Neil A. Carousso produces and co-hosts WCBS Newsradio 880’s Small Business Spotlight series with Joe Connolly. Click here to watch the weekly video segments featuring advice for business owners on survival, recovery and growth opportunities.
  
Neil A. Carousso is the producer of The 880 Weekly Rewind with Lynda Lopez, airing Friday nights at 7 PM on WCBS Newsradio 880. Each week Lynda talks with newsmakers for a deep dive into the top stories of the week and the impact it has on people.
  • ‘Shark Tank’ Star Barbara Corcoran’s Advice for Businesses Recovering from Pandemic

    By Joe Connolly and Neil A. Carousso

    NEW YORK (WCBS 880) — As the economy reopens this spring, businesses are increasingly struggling to fill open positions. Barbara Corcoran, investor on ABC’s hit show “Shark Tank” and founder of The Corcoran Group, says “competing for workers” is the number one priority for business owners right now.

    “The workers are in charge now,” Corcoran told Joe Connolly and Neil A. Carousso on the WCBS Small Business Spotlight, sponsored by Dime Community Bank. “The (businesses) that are treating their workers like kings and queens, like they deserve to be treated, are retaining their workforce. And, those who aren’t, can’t do business because they’re cut off at the pants because they don’t have the workers to support it.”

    She said some small and large businesses are offering to pay a chunk of tuition for part-time workers and other employers are offering signing bonuses to workers who commit to a term of employment.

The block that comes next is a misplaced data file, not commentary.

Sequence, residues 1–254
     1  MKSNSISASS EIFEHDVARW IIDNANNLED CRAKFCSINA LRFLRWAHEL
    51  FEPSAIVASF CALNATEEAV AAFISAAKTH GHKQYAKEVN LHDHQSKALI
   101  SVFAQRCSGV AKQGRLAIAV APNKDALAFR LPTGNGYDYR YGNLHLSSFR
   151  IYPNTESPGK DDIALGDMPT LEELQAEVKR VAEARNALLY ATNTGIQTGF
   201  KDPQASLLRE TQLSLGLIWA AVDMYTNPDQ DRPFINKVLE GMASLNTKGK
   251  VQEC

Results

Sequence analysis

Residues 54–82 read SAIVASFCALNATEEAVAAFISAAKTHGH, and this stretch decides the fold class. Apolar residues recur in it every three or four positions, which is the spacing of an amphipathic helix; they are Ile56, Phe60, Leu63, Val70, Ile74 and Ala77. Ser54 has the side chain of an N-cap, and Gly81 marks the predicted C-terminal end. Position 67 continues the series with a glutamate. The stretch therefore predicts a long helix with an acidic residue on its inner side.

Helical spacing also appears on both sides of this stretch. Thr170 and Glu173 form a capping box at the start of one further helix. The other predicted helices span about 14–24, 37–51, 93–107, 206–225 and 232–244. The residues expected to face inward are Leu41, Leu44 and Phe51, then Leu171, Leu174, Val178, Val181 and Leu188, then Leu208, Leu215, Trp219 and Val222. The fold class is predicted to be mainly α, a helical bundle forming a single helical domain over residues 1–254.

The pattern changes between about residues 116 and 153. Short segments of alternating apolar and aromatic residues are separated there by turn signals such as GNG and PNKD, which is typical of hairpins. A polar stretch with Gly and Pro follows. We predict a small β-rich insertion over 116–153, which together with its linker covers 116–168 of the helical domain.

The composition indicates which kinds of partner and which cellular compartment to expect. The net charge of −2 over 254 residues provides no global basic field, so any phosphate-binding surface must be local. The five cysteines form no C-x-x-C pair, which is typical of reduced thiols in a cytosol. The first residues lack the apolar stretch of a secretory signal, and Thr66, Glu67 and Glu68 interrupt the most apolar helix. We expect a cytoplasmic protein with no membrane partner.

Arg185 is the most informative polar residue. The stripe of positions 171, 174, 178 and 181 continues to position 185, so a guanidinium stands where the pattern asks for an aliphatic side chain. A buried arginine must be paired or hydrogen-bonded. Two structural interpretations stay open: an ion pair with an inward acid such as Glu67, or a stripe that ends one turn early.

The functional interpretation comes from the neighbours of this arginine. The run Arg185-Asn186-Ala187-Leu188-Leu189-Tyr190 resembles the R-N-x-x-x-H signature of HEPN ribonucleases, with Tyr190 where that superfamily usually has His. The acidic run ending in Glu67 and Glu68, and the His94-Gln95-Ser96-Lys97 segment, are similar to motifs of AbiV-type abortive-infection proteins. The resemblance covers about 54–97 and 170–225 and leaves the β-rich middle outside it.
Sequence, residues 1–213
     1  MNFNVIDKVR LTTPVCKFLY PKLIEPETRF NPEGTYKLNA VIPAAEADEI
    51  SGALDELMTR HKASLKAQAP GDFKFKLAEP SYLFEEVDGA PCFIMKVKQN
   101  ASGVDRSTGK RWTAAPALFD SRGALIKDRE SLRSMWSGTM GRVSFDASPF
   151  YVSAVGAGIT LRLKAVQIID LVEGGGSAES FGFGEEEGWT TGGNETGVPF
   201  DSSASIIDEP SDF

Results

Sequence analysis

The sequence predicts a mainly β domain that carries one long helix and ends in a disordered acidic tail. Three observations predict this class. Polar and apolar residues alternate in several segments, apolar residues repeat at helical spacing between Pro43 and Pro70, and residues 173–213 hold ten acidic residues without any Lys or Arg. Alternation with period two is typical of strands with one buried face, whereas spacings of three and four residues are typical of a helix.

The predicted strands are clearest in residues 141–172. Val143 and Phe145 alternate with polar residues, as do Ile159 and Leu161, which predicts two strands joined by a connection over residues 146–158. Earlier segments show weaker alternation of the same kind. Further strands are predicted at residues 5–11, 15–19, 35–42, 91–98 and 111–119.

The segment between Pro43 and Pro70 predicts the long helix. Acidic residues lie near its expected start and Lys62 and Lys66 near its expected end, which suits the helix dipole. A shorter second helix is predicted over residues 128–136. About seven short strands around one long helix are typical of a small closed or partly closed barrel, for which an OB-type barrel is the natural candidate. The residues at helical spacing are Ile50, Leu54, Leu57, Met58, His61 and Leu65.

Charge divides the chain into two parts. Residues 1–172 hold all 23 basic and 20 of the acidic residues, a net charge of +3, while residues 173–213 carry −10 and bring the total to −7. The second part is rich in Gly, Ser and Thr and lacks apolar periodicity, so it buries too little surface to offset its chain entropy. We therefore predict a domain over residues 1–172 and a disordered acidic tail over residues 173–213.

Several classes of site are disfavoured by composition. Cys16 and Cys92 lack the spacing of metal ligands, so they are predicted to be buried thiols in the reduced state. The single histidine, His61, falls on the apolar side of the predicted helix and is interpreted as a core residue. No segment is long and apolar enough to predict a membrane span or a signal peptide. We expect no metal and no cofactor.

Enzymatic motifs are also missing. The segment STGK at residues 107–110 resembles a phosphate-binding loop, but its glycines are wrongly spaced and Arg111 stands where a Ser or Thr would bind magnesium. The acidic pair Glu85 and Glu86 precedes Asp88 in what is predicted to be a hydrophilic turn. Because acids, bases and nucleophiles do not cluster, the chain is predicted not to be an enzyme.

“I never heard of that,” the entrepreneur said.

    Corcoran noted some people are receiving higher unemployment benefits than wages offered, which is an unintended consequence of the enhanced federal unemployment benefits that were extended to September. There are now 23 states that are ending the $300 weekly federal bonus checks next month, including Florida, which announced Monday it would follow other conservative-majority states. It has been a key safety net for families whose children have studied remotely in the pandemic.

    “Most businesses that are coming out of the pandemic are in debt,” she said. “They can’t squeeze their profit margins so what is actually happening instead is they pass along that additional cost to the consumer.”

    Corcoran experienced that first-hand last week when she went to dinner at her favorite Italian restaurant in Manhattan. She noticed the service was unusually slow because they didn’t have enough workers in the kitchen, so the former New Jersey waitress lent the owner a hand and started serving dishes to customers. But, rather than earning tips, she was caught by surprise when she got the check.

    “It felt like it was about 30 percent more expensive,” she said. “But, that’s the new norm.”

    Restaurants are not the only businesses that Corcoran believes will be forced to raise prices this spring and summer to survive. The “Queen of New York Real Estate” still walks around Manhattan, surveying local businesses in her neighborhood, and befriending several owners who have closed their shops. The neighborhood is changing; blocks that she described as being “empty with no sign of life, no light” over the past 14 months are now bright with new faces.